There are few foods that beat the carb-y, cold-weather comfort of macaroni and cheese. But how do you know when it's worth the indulgence? We used our noodle to sleuth out some of the best versions around Greater Boston. Whether you like yours topped with buttery cracker crumbs or under a bubbling blanket of Fontina, we've got your craving covered.
The appetizer of baked macaroni and cheese ($6) arrives looking like a crock of French onion soup — with a sauce of Fontina, cheddar, and jack — bubbling up through a caramelized blanket of even more cheese. We order the starter for the table and it becomes a duel of forks, even chipping at the delightfully crunchy overflow from the sides of the cruet. All elbows and cheese, this is the purist's baked mac.
555 Talbot Ave., Dorchester, 617-825-4300, www.ashmontgrill.com
Daddy Jones Bar
When I first tried the Mac Daddy ($13) at this cute cocktail bar in burgeoning Magoun Square back in 2012, I declared it my new favorite mac and cheese. A blend of sharp cheddar and tangy Greek sheep's milk kasseri cheese is poured over elbow macaroni, which is studded with sweet cherry tomatoes and salty bits of bacon. A server tells me the dish hasn't changed since the day they opened. Neither has my high opinion of it.
525 Medford St., Magoun Square, Somerville, 617-690-9095, www.dad
The mac and cheese side ($9), which is big enough to share, arrives in a bubbling cast-iron skillet, a rich blend of four cheeses: funky Taleggio, creamy Fontina, sharp cheddar, and incomparably meltable American. The cheese seeps into shells that are topped with toasted, buttery breadcrumbs. Pair with the field greens salad and a craft cocktail, and you've got a dinner that's the perfect antidote to winter blues.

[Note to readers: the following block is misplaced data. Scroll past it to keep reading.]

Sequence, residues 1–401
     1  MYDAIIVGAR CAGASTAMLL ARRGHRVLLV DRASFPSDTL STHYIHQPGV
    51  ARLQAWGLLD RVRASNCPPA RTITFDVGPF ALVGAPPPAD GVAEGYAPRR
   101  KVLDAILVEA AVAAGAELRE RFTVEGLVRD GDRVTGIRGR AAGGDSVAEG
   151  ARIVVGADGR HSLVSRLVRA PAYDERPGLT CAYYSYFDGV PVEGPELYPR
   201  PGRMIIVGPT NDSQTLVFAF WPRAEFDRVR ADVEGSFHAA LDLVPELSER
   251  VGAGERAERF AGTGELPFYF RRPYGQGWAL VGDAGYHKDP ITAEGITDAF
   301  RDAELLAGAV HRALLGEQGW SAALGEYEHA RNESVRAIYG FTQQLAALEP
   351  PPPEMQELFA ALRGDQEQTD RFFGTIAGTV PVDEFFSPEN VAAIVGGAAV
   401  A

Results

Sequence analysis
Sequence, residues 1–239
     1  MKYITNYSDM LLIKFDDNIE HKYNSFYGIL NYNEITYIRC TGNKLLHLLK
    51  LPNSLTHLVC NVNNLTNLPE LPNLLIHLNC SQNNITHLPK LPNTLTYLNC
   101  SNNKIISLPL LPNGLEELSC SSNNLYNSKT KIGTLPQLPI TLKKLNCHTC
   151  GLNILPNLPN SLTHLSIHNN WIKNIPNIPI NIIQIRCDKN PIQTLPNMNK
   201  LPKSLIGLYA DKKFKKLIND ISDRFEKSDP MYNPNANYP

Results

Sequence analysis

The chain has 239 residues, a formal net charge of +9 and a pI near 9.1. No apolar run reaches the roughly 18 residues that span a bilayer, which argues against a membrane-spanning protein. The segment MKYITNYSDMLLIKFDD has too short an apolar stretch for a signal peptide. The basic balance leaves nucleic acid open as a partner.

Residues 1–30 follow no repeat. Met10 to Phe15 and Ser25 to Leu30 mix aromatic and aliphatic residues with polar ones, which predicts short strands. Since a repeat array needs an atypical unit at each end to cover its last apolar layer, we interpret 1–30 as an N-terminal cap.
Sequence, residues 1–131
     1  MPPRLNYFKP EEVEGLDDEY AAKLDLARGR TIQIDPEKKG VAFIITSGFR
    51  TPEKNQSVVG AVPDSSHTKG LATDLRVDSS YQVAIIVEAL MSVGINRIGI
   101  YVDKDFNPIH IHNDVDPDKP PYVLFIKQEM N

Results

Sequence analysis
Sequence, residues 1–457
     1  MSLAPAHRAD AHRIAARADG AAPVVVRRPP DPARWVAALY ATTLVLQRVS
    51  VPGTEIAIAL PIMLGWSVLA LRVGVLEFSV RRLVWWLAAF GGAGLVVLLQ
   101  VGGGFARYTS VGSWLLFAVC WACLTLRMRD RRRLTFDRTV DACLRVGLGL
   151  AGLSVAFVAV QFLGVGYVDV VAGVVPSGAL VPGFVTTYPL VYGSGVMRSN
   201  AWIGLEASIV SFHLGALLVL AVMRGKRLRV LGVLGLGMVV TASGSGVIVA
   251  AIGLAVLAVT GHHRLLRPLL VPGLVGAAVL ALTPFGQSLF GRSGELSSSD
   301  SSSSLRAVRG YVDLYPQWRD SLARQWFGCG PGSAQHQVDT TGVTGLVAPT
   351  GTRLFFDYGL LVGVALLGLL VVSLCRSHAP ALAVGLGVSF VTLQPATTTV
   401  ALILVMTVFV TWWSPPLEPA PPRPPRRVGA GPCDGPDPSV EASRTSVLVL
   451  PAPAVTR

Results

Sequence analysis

528 Commonwealth Ave., Kenmore Square, Boston, 617-532-9100, www.easternstandardbos
The macaroni and cheese ($10.95) at this 36-year-old family restaurant is surrounded by secrecy. We're sure we taste cheddar and Velveeta, but owner Bob White won't tell. He says he just can't risk us "running out and opening up a macaroni and cheese joint." The orange elbows are what every box of Kraft wishes it could be: creamy, just shy of oversalted, and perfectly al dente. White says the trick is chilling the noodles in a strainer overnight to get out any liquid, and a labor-intensive sauce that's all cheese and seasoning. The owner emphasizes there's no flour-based roux to dilute the flavor, saying, "It's all good stuff."
211 Sea St., Quincy, 617-770-2835, www.grumpywhites.com
The Publick House
The Publick House takes its mac and cheese ($13) seriously, and it shows — ending up on best-of lists from all over Boston and farther afield, including a national roundup in Food & Wine magazine. Orecchiette pasta creates pockets for the gooey cheese blend (cheddar, Fontina, provolone, blue, and asiago) and any mix-ins ($1-$6 each) you should want to add — everything from caramelized onions to pesto to lobster to short ribs. Accompany with a cold brew from their extensive list.
1648 Beacon St., Washington Square, Brookline, 617-277-2880, www.thepublickhousebeerbar.com
Trina’s Starlite Lounge
The best part of Trina's mac and cheese ($9) might be the buttery Ritz cracker topping. Or is it the dreamy orange cheddar-jack sauce that's made outrageously smooth with the addition of cream cheese and Velveeta? Either way, these shells and cheese satisfy. You can also add in broccoli (how healthy!) or a cut-up hot dog, bacon, or chorizo ($2-$3) if you want to really up the ante.
3 Beacon St., Inman Square, Somerville, 617-576-0006, www.trinastarlitelounge.com
The jalapeño mac and cheese ($6) is billed as a side but could be the better part of a meal. Briny pickled jalapeños (which really add just a whiff of heat) and sliced scallions cut through the richness. Our only complaint is the pale panko topping that should be better browned but still adds nice crunch.
1193 Cambridge St., Inman Square, Cambridge, 617-868-0004, www.tupelo02139.com
Catherine Smart can be reached at firstname.lastname@example.org.